Back catalog is often called the backbone of the record industry, and it showed plenty of spine in 2010. Michael Jackson was the top-selling artist last year, moving more than 8.2 million units in the wake of his unexpected death, according to Nielsen SoundScan. The Beatles came in third among bestsellers, behind Taylor Swift, shifting nearly 3.3 million of their re-released catalog — with no digital tracks available.

While these massive numbers indicate catalog’s clout, the major labels’ catalog divisions have had to radically shift their strategies as the landscape for physical releases has altered drastically in recent years. Deep-catalog retail chains like Tower and Virgin Megastores have disappeared, and the remaining retailers have diminished their floor space for music.

“Our release schedule has decreased significantly,” says Bill Gagnon, senior vp/general manager of catalog for EMI Music North America. “Titles that would have been carried at a Tower or even a Sam Goody, which are no longer in place, no longer have a home. So we’ve eliminated those off the schedule and chosen to focus on the big-event titles.”

EMI, which successfully reissued the Beatles catalog with a retail-based event last Sept. 9, hopes to duplicate some of that excitement with a John Lennon campaign in October that will launch the late musician’s remastered catalog, a themed four-CD box and a hits compilation into the market. Similarly, the company is reissuing 15 Apple Records titles that month.

“Now, in this day and age, you have to combine an event and significant promotional activity to drive the business,” Gagnon notes. “Otherwise the retailers won’t carry the product.”

Universal Music Enterprises, Universal Music Group’s catalog arm, created its own event in May with the re-release of the Rolling Stones’ 1972 opus “Exile On Main St.” in a plethora of configurations, from a single-disc version to a boxed set including both expanded CD and vinyl versions.

“We create packages that at each price point are of value to the consumer,” says UME president/chief executive officer Bruce Resnikoff. “That may mean single record, double record, deluxe edition, unreleased tracks, liner notes. I think the shrinking of the retail base has hurt people who think in the one-size-fits-all mode.”

And while the new “Exile” chart numbers (under 182,000 at last count) might not seem impressive compared to, say, those of Swift or Eminem, the hype surrounding its release helped raise the public’s awareness of the Stones catalog overall, generating the kind of dividends that can’t always be measured.

UME has backed away from selling most big-ticket boxed sets at retail, moving them instead through its Web-only Hip-O Select line. “We have to be realistic as to where the consumer is for any particular piece of product,” Resnikoff says. “With the shrinking traditional retail base, there’s clearly less of an opportunity to carry some of the higher-end and more intricate products that would have been carried by the record stores with 30,000 different titles.”

However, if lightning strikes and demand for a particular package grows, as it did with Verve’s four-disc Ella Fitzgerald set “Twelve Nights in Hollywood” last year, UME will take a Web-only set to retail.

Sony Music Entertainment’s Legacy Recordings enclave is attempting to offer something for every pocketbook with a spread of titles ranging from two-CD editions of classic albums to ultra-limited boxes sold through custom sites.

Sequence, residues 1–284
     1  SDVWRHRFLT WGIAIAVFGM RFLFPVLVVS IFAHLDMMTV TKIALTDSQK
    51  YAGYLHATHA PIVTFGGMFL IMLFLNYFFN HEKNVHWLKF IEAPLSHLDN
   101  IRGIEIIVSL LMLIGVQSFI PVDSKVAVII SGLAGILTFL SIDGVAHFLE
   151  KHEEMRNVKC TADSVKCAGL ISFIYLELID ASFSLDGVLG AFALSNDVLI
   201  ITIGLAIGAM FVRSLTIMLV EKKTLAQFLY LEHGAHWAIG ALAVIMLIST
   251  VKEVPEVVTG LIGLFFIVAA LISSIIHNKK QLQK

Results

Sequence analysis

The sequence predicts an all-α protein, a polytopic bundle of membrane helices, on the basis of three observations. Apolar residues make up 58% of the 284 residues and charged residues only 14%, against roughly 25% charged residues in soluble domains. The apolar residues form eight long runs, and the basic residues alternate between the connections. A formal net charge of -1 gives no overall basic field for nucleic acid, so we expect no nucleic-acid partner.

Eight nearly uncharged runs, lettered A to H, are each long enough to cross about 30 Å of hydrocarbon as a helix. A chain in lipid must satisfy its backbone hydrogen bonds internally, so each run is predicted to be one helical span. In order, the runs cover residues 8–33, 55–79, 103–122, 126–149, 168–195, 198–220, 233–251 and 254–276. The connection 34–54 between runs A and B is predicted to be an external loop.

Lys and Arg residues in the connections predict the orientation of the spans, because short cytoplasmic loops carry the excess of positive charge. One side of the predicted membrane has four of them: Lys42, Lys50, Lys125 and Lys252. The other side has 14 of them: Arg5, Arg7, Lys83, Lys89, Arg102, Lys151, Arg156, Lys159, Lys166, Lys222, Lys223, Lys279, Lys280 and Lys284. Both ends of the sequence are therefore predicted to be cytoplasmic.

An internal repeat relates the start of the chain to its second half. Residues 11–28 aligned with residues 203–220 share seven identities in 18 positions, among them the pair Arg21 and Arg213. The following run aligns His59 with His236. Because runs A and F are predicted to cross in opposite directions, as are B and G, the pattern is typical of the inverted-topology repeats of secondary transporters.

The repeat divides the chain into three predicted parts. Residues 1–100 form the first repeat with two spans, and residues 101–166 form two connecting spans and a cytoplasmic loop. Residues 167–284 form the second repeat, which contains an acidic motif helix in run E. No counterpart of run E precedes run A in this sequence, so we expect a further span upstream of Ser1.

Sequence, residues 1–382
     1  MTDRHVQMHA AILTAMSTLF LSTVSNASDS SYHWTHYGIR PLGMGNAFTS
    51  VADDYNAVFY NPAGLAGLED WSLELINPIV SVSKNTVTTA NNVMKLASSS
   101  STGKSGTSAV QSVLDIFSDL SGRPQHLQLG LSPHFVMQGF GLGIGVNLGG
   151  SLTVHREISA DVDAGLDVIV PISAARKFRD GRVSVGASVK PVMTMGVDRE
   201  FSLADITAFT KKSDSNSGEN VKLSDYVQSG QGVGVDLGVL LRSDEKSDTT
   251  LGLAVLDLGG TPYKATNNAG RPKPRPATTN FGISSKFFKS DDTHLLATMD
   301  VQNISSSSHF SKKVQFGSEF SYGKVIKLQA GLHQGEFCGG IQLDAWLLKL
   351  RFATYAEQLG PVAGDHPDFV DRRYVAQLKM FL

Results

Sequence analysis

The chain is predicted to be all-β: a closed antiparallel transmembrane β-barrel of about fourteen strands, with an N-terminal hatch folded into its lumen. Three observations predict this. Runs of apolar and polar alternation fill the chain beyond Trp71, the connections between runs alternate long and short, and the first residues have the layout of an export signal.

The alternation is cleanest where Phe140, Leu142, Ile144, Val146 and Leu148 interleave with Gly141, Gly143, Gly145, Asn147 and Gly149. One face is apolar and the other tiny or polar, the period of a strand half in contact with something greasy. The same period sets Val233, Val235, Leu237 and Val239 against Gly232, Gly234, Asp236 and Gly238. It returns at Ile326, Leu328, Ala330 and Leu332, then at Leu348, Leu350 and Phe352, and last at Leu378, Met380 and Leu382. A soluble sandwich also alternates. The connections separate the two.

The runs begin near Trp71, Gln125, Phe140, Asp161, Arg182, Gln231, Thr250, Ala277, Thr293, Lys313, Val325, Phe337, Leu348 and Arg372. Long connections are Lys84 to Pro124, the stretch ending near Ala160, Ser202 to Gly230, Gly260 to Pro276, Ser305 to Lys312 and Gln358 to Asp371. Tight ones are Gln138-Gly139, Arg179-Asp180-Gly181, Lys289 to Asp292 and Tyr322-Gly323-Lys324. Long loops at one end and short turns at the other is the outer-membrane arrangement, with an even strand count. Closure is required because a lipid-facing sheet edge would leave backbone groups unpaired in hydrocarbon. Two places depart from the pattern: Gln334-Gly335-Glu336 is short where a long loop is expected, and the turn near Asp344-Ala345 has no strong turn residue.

“The determination and the strategy to create the right musical offering,” Legacy senior vp/general manager Adam Block says, “the right musical experience for a fan at 99 cents or $9 or $90, really does reflect the fact that, in our view, the marketplace is fragmented.”

At the top end, that means products like the 30-CD “Complete Elvis Presley Masters” and the 43-CD “The Genius of Miles Davis,” limited to 1,000 copies and 1,955 copies respectively, and sold exclusively through dedicated Web sites. At the other end, that means titles like Ozzy Osbourne’s “Blizzard of Oz” and “Diary of a Madman,” which will be sold in both expanded editions and a deluxe, four-CD/DVD/two-LP boxed edition with a 100-page booklet. A new Jimi Hendrix anthology, “West Coast Seattle Boy,” is planned for October release in several editions of varying size.

“We are making many more individual types of product,” says Block.

At Warner Music Group’s Rhino Entertainment, where the modern boxed set business was fundamentally originated, most of the company’s high-ticket collections — like the recent four-disc Delaney and Bonnie/Eric Clapton live set — are now funneled through the company’s direct-to-consumer Web line, Rhino Handmade.

“If you look at what is required to make back the money you have to invest in some of these boxed sets, the perils of putting it out into the retail marketplace are greater and greater,” says Kevin Gore, Rhino president and CEO. “The more deluxe packages seem to have greater traction right now in the D2C channel.”

So, though Rhino will issue a four-CD Bee Gees retrospective via Reprise in November, the company is increasingly looking at more modest packages, like the recent three-CD edition of the Cure’s “Disintegration” and the forthcoming re-release of Pantera’s “Cowboys From Hell.”

Unsurprisingly, considering WMG’s ongoing preaching of the digital gospel, Rhino is also plotting an expanded digital course.

“Rhino’s legacy of creating compilations and packages, and, in the case of the digital side, playlists that allow people to consume our curated compilations is the place we’ll be focusing our efforts online, digitally versus physically,” Gore says. “In the digital space, your shelf space is unlimited. Then it’s just a matter of how you market and drive people towards those compilations.”